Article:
Ads seeking forklift operators and mill laborers at the Missoula Job Service signal improving times for the Montana wood products industry, reflecting the findings of a recent report that showed a bump in wages and hiring at regional mills. But industry insiders say the state’s surviving mills are operating well below capacity and that rising stumpage prices could jeopardize the recovery.
The Montana Wood Products Association is calling on the state’s congressional delegation to bring an end to the litigation they say is stalling timber production on federal lands and driving up prices. A meeting is planned with congressional leaders later this month and could include U.S. Forest Service Chief Tom Tidwell.
“We’ve wound our way through all the foreclosures and we’ve seen an increase in housing starts and building, and that’s good,” said Julia Altemus, executive vice president of the Montana Wood Products Association. “Lumber prices are actually quite good. The problem now is supply.”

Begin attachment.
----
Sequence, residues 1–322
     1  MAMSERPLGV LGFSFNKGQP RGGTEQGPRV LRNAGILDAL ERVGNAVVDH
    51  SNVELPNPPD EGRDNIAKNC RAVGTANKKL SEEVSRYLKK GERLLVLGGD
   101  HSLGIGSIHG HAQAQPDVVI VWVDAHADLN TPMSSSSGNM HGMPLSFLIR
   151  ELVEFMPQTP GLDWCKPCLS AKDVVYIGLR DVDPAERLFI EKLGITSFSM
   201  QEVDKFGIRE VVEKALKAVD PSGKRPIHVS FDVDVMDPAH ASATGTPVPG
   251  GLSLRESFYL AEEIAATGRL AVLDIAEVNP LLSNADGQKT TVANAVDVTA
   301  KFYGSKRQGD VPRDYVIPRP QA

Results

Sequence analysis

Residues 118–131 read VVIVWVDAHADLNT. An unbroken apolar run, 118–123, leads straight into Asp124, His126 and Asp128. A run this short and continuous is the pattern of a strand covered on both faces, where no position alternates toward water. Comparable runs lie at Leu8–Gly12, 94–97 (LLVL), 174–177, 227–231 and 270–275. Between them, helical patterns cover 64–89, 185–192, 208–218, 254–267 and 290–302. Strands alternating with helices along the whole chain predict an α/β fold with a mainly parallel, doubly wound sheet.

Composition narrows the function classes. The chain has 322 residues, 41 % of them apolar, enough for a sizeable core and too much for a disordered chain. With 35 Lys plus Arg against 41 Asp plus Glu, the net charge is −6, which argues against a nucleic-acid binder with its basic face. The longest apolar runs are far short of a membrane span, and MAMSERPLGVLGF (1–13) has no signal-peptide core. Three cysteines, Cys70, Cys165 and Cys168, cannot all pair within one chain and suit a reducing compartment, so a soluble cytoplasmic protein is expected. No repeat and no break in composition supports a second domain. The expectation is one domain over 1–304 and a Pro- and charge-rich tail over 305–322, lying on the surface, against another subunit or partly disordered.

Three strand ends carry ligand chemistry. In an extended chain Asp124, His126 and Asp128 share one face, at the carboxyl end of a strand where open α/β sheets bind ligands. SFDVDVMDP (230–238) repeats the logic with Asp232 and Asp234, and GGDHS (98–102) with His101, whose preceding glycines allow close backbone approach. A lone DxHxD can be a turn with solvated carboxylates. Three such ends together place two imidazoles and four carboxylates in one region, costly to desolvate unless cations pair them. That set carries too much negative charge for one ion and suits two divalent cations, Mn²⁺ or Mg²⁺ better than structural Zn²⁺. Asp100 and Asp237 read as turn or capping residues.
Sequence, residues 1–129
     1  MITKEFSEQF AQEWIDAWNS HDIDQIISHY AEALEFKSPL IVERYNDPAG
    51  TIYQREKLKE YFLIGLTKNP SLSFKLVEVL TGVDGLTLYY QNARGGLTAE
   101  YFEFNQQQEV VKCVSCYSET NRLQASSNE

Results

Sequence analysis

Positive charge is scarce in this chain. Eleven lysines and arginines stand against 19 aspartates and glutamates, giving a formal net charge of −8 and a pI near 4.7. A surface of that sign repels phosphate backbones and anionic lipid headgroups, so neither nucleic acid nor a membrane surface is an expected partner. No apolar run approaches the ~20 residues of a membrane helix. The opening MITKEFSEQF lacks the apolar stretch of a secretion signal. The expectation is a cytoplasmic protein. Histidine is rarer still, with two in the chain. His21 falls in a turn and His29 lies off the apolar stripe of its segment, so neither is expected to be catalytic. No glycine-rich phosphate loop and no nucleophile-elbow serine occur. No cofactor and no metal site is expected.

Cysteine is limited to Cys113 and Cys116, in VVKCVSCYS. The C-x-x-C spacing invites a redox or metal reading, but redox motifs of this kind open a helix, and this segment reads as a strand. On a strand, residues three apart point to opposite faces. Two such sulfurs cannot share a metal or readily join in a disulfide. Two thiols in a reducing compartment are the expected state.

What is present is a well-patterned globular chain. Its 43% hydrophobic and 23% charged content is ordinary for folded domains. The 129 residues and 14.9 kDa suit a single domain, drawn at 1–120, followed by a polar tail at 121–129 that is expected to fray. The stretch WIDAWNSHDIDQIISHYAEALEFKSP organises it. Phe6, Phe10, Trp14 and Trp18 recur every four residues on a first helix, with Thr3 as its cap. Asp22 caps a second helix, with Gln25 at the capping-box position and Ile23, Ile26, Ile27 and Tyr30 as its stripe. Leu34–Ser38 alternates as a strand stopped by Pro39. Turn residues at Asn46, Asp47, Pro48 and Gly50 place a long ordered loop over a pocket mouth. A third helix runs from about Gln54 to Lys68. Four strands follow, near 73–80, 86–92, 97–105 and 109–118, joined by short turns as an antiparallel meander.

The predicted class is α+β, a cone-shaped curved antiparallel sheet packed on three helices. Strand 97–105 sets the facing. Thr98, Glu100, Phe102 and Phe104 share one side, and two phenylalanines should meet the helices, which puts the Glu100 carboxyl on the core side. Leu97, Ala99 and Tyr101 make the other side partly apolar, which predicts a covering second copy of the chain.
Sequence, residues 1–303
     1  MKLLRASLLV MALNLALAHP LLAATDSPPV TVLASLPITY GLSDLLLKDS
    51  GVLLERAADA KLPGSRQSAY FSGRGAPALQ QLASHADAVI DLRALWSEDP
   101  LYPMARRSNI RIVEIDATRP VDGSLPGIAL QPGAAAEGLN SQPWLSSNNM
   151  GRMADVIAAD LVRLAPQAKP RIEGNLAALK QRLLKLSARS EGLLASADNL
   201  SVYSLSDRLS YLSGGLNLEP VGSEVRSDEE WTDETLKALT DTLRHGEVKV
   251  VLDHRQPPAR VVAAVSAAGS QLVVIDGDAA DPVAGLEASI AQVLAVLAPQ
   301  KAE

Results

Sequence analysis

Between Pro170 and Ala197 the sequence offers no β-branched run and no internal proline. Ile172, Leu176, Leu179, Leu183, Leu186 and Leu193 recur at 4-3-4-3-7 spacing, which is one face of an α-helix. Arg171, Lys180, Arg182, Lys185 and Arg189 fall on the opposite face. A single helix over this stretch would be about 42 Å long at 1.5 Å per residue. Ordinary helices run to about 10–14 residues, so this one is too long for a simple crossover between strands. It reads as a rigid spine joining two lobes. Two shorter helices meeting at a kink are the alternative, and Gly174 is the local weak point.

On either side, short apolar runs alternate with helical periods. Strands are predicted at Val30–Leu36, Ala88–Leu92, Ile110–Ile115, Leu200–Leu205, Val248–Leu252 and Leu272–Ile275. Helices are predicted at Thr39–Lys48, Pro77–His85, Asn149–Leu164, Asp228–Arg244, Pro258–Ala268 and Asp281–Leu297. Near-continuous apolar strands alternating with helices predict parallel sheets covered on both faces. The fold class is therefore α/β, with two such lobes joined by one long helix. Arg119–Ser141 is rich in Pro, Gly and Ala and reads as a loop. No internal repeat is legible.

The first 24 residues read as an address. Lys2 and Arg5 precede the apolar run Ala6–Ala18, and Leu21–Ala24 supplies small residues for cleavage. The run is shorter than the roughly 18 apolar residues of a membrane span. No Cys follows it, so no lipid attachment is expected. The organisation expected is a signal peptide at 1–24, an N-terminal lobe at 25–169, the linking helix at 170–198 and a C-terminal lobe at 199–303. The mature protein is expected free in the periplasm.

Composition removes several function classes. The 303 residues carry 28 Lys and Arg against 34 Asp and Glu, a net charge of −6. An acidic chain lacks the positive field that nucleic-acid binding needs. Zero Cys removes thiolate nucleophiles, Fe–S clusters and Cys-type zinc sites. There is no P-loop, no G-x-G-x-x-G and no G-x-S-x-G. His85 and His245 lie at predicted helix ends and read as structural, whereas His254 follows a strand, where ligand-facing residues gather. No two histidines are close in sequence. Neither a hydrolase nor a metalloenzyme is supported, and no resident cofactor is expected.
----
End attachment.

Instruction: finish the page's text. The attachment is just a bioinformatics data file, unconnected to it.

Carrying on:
While state lands are hitting their quota, Altemus said, production off federal lands remains poor. Lawsuits continue to tie up timber production, she said, leaving the industry 60 million board feet short of capacity. “That’s at a minimum,” Altemus said. “We’re not running at full capacity and we haven’t been for years. With so few sales off federal lands, the rates are going astronomically high, and that drives up the prices of what the mills will pay for stumpage.”
The rising prices are cutting into profit margins, which could slow or reverse the industry’s recovery. It may also nullify any gains made by the recovering housing market, she said. Altemus said the industry currently employs 7,000 workers in Montana, including loggers, contractors, haulers and mill workers. That’s down from 19,000 employees in the 1980s, and the state’s 26 mills have been reduced to seven.